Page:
The Four Authors of the Apocalypse: James Lovegrove

Michael Crichton’s State Of Fear, an anti-environmentalist diatribe fashioned roughly in the shape of a thriller, concludes with an “Author’s Message”. In part, this asserts:

I suspect the people of 2100 will be much richer than we are, consume more energy, have a smaller global population, and enjoy more wilderness than we have today. I don’t think we have to worry about them.

The late – and admirable – Crichton was a far smarter man than I will ever be. His intellectual superiority, especially in matters scientific, means his opinions on climate change and global warming carry considerably greater weight and authority than mine ever will. I’d like to believe his prophecies to be accurate.

I just can’t.

Something in my gut tells me his optimistic outlook is wrong. More than that, any optimistic outlook is wrong. If you ask me, humankind is doomed to a future of rising sea levels, extreme weather events, mass starvation, resource wars, unsustainable mass-migrations from poorer to wealthier nations, animal extinctions, power shortages, and markedly reduced life quality and life expectancy. A hundred years from now I see a global population reduced by two or three billion, almost everyone sheltering from rampant flood waters in quasi-feudal enclaves, surrounded by husks of redundant technology and fighting off invaders with a mix of modern and medieval weaponry. A little bit Mad Max, in other words, and a little bit A Canticle For Liebowitz.

The stars? Intergalactic colonisation? The outward urge? Sowing the seed of humanity across the cosmos? Not a chance. Such grand visions never come to pass. No one is prepared to pony up the trillions necessary to fund that kind of dream-scale project. No one has the vision. Governments are irredeemably short-termist. They plan five years ahead, if that. This is why I don’t write space opera. To me it isn’t SF, it’s pure fantasy.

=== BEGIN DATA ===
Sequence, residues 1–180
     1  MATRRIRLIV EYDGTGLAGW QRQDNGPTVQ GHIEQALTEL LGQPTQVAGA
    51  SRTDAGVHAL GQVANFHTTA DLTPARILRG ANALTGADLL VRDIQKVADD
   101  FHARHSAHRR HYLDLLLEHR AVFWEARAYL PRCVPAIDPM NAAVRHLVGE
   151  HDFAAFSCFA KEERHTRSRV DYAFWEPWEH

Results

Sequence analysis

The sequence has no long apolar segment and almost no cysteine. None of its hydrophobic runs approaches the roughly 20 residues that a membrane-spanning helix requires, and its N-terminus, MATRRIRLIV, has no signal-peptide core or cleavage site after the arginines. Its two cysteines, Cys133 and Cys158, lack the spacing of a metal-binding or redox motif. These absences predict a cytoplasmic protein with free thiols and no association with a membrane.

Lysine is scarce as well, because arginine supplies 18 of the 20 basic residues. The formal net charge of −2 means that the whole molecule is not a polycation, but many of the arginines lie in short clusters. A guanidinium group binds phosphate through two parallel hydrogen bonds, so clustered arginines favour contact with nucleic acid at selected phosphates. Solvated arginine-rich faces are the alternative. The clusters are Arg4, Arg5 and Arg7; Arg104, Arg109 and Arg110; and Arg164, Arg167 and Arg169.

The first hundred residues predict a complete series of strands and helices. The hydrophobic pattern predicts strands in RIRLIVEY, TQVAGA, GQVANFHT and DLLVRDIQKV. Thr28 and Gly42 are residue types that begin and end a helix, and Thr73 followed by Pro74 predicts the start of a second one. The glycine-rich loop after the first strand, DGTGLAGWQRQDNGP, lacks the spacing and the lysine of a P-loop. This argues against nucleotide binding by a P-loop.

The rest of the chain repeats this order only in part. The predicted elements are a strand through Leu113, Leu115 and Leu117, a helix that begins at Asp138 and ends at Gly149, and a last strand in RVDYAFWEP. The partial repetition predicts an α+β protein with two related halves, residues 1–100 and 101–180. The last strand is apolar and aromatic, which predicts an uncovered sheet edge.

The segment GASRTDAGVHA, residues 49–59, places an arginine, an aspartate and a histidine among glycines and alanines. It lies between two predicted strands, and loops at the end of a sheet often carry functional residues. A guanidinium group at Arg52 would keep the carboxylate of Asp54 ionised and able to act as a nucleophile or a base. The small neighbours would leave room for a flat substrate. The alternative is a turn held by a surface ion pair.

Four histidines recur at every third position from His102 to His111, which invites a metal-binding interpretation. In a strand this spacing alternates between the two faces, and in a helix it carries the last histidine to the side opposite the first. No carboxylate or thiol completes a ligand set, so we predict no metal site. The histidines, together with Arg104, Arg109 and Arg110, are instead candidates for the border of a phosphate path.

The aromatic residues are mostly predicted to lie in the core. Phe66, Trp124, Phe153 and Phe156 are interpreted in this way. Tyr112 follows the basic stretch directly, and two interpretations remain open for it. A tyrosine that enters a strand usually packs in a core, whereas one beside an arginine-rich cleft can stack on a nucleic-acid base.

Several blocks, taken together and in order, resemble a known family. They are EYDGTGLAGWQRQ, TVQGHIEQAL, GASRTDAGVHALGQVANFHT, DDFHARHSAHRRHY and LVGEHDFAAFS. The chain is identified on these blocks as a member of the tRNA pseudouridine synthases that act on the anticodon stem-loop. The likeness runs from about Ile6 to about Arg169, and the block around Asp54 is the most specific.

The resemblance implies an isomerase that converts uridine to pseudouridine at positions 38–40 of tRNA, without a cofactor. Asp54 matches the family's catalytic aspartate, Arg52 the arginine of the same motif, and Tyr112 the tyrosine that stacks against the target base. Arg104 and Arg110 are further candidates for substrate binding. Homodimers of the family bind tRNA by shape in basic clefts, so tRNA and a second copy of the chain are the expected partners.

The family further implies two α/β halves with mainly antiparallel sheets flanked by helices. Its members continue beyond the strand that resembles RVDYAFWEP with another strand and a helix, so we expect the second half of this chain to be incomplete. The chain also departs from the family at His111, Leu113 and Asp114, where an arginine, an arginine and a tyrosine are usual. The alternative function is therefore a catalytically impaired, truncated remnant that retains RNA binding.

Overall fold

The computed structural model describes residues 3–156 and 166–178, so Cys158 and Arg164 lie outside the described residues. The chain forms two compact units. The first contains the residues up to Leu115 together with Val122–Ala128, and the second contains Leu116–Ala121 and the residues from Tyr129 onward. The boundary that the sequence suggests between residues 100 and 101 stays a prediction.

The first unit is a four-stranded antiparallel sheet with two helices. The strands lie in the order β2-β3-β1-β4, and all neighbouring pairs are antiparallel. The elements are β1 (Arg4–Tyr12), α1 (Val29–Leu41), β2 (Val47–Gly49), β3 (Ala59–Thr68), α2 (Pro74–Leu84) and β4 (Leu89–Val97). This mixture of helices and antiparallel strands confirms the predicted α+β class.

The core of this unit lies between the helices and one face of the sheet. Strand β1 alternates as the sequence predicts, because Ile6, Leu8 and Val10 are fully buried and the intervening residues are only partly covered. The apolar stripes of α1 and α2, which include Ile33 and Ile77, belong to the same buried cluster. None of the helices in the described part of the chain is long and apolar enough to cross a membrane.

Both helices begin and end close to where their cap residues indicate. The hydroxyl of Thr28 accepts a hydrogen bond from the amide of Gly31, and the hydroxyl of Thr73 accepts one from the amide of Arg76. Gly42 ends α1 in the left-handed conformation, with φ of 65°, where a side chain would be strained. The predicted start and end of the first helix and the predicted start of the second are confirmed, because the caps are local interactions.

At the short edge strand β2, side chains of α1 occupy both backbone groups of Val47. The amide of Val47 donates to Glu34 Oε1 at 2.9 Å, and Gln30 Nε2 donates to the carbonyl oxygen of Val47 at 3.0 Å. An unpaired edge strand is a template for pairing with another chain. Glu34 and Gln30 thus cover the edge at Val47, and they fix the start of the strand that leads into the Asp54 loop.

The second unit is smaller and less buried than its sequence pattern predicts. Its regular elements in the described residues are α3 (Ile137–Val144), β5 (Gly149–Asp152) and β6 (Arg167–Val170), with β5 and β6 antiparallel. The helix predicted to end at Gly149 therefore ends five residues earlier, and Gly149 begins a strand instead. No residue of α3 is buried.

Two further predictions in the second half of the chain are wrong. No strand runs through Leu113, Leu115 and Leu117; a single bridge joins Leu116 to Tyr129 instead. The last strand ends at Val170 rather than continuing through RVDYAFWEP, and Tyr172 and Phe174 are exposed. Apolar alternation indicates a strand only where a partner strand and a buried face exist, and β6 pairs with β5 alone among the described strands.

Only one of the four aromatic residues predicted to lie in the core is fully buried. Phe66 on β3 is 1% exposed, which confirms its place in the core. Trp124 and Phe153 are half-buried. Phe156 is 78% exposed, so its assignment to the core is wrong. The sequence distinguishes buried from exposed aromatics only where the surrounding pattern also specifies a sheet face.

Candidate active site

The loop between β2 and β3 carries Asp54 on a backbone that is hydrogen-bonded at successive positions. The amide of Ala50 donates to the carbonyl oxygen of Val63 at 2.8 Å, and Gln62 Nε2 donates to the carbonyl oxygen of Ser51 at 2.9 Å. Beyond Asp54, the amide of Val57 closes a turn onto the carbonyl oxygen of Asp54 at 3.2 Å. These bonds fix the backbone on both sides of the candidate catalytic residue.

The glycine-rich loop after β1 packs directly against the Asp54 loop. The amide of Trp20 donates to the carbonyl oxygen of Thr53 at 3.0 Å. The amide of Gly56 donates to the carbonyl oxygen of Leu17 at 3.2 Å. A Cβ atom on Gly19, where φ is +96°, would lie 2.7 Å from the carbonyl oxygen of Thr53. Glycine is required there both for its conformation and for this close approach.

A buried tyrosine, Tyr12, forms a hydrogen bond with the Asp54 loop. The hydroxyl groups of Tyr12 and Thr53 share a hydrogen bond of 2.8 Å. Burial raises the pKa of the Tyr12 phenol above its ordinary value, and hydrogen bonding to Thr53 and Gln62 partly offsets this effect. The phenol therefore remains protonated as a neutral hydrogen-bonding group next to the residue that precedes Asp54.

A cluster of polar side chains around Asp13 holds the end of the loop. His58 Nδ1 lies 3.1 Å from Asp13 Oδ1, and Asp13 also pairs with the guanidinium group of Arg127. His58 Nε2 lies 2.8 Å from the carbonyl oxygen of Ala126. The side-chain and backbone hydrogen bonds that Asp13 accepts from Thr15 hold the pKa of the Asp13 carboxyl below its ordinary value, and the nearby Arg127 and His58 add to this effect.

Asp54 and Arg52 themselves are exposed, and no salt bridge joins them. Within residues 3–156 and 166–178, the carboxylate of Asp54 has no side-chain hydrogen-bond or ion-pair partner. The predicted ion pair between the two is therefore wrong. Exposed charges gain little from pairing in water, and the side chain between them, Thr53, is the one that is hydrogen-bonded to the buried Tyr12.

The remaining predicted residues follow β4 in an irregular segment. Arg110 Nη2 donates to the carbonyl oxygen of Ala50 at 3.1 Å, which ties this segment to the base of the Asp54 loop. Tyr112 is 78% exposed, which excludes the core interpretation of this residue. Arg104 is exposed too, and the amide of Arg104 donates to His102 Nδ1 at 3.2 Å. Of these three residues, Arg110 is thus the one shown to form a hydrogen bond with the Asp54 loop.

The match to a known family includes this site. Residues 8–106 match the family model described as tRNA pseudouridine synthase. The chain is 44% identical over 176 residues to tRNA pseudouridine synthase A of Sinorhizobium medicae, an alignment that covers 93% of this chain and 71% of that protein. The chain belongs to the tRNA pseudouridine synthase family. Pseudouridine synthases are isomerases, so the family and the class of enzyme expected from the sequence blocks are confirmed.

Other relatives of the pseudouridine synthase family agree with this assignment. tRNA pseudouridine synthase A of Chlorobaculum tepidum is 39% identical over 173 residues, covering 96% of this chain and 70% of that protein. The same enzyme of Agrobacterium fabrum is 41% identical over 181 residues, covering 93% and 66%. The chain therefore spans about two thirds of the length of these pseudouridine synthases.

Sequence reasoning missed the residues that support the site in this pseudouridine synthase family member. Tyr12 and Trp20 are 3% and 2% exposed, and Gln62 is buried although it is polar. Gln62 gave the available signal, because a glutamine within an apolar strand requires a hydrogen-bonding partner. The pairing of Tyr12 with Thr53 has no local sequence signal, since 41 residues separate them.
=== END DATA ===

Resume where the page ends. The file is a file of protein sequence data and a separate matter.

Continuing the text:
Things to come are things to dread. My two sons will grow up in a world where the best is past and where our present era will seem like a golden age – unlimited travel, plentiful food, material affluence, technological superabundance. They will look back on my generation with envious amazement, wondering how we could have been so reckless, so lacking in foresight, so wilfully vandalistic, so damn lucky. And all I’ll be able to do, if I’m still around, is apologise and say we couldn’t help ourselves. We tried but we just couldn’t break the habits of greed and squandering. We recycled our bottles and newspapers, but we knew it was a drop in the ocean. We installed low-energy lightbulbs, but our immense flatscreen TVs made up the difference in electricity consumption. We wanted to go veggie, but the lure of a fat juicy steak was too great.

I was in the dentist’s chair the other day, having a checkup. The dentist enquired about an article I’d written in the paper, prognosticating dire times ahead for planet earth. She told me, with a grim chuckle, that I was about to have a very uncomfortable experience at her hands if I genuinely believed everything was as dark as I’d stated in that piece. She would show her disagreement as only a dentist knows how.

With scenes from Marathon Man playing in my head, I desperately racked my brains to recall whether anything I’d submitted to the FT lately matched what she was describing. Maybe some book review where I’d blithely let slip that I reckoned civilisation was screwed? Then, light dawned. There’d been a case of mistaken identity.

“Oh, you mean James Lovelock,” I said. “The great prophet of eco-catastrophe. That’s not me. Definitely not. You can put away your rather enormous drill now. I disagree with everything the man says.”

I don’t, though.

James Lovegrove has published more than 30 books, including novels, novellas, short-story collections and books for teenagers. Having unleashed The Age Of Ra for Solaris, (reviewed here by Andy Remic) he’s about to follow it up with The Age Of Zeus in April next year.


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